Pentagon mishandled 65,000 Arlington cemetery graves

Pentagon mishandled 65,000 Arlington cemetery graves
Across the Potomac from downtown Washington, Arlington National Cemetery exists as national shrine to the history of freedom.

The vision of the historic burial grounds, they write, is to establish a place “where dignity and honor rest in solemn repose.”

Where exactly that resting spot is, however, is now up for questioning. An audit of Arlington has revealed that as many as 64,000 graves in the Northern Virginia cemetery may contain mistakes, with problems ranging from misspelled names all the way to misplaced bodies.

The news comes following an investigation by the US Army to answer allegations of misconduct last year at Arlington. Two of the cemetery’s top executives were released from their position after reports of misplaced graves surfaced last year, but the actual results of the review now show that an overwhelming amount of graves in Arlington have been managed with error.

The Gravesite Accountability Task Force found 196,000 cases of “no discrepancies” in their report, but found 64,230 instances where they will have to conduct “additional review,” which the Associated Press writes will be completed next summer. In all, Arlington has around 300,000 people entombed on its grounds, a quarter of which are now in question because of the results of the audit.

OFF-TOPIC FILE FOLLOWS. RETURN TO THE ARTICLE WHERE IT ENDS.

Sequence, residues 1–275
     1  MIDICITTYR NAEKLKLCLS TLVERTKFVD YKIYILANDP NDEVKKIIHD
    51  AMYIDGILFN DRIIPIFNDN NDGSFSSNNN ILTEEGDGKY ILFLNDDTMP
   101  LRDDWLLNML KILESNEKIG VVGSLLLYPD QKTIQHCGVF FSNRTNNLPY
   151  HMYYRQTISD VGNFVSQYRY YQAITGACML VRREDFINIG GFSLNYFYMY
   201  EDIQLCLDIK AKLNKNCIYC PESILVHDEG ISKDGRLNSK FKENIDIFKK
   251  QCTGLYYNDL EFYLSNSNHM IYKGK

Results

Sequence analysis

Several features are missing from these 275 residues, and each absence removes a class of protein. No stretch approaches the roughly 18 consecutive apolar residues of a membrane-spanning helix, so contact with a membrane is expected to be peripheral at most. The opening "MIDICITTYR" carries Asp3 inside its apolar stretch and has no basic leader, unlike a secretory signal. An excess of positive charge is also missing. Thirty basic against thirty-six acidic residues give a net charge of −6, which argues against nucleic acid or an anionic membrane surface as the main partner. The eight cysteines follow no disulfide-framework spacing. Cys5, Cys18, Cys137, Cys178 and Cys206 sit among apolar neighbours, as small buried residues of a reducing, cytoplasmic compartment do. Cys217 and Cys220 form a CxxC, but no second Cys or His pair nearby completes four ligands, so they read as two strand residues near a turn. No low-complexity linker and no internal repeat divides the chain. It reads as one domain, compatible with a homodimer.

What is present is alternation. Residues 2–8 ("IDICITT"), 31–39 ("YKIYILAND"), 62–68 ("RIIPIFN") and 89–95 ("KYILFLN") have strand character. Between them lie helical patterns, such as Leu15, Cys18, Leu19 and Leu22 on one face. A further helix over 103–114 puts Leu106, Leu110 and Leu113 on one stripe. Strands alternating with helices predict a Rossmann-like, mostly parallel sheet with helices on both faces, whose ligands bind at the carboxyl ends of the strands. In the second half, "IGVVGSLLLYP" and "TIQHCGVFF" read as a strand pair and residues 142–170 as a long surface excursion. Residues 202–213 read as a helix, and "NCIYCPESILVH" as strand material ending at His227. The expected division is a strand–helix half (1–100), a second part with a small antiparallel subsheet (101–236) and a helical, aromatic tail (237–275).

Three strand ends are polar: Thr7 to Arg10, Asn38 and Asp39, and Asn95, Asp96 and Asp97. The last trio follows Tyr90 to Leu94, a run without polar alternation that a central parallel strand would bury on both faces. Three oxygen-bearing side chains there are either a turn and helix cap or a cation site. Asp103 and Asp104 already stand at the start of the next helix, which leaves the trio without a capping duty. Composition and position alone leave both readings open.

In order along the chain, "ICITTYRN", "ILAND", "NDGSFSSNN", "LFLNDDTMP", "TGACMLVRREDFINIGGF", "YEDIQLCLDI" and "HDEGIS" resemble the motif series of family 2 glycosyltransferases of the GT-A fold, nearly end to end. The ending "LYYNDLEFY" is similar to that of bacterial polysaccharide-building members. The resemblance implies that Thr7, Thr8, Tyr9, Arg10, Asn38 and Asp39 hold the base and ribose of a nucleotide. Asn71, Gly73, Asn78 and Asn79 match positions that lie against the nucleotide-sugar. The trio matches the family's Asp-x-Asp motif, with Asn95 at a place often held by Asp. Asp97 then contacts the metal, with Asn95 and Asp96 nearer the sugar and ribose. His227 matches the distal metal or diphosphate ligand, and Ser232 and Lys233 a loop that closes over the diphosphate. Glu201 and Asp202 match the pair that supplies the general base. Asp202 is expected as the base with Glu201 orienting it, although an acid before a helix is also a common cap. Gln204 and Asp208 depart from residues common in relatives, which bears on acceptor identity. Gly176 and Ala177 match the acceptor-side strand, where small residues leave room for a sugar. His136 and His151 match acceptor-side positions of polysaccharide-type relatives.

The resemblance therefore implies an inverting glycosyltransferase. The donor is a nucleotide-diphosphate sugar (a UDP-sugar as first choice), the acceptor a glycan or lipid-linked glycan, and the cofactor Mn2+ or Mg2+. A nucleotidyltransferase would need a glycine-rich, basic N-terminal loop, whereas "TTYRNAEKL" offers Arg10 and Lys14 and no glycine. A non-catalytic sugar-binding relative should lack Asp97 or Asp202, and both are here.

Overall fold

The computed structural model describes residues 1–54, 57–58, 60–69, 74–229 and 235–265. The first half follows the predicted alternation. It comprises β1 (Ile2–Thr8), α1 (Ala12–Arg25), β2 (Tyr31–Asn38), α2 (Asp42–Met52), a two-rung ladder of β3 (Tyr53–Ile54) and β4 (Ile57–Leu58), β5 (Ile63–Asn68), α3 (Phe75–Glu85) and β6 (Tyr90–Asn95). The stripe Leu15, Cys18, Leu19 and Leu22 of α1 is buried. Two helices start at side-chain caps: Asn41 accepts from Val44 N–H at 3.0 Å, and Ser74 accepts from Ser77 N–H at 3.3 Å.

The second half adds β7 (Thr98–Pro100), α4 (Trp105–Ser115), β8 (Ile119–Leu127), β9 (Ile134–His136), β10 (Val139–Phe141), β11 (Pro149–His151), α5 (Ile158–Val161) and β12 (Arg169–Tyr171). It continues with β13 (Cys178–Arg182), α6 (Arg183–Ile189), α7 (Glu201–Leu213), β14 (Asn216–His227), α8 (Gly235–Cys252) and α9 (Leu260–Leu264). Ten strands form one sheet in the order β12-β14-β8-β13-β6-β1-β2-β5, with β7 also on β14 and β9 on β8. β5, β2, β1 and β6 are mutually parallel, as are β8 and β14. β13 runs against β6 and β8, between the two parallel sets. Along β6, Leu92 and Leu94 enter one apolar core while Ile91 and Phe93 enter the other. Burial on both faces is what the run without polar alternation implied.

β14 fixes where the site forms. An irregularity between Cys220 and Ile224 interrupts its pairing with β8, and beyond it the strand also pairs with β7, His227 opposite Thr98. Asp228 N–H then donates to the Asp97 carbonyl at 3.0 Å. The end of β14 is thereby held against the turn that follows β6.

Democratic Senator Claire McCaskill, an opponent of the earlier Arlington administration that he blames on the mismanagement, adds to the AP that the change in staff is leading to a “comprehensive reform” and that errors at Arlington are on their way to be remediated.

Sen. Mark Warner (D-Va.), however, tells the Washington Post that a quick-fix might not be as speedy as cemetery execs think. “We don’t know about this 25 percent — are they typos? Do they have remains in the wrong graves?” he asks. “This raises as many questions as it answers.”

At least an effort is being made to entomb the veterans with respect, it would seem, albeit a small one. On the bright side, it is an improvement of how things have been done at Delaware’s Dover Air Force Base, where the remains of most of America’s military dead pass through after returning from Iraq and Afghanistan. A recent report at the base’s mortuary revealed that the Pentagon let Dover dump the remains of nearly 300 bodies in a landfill in suburban Virginia.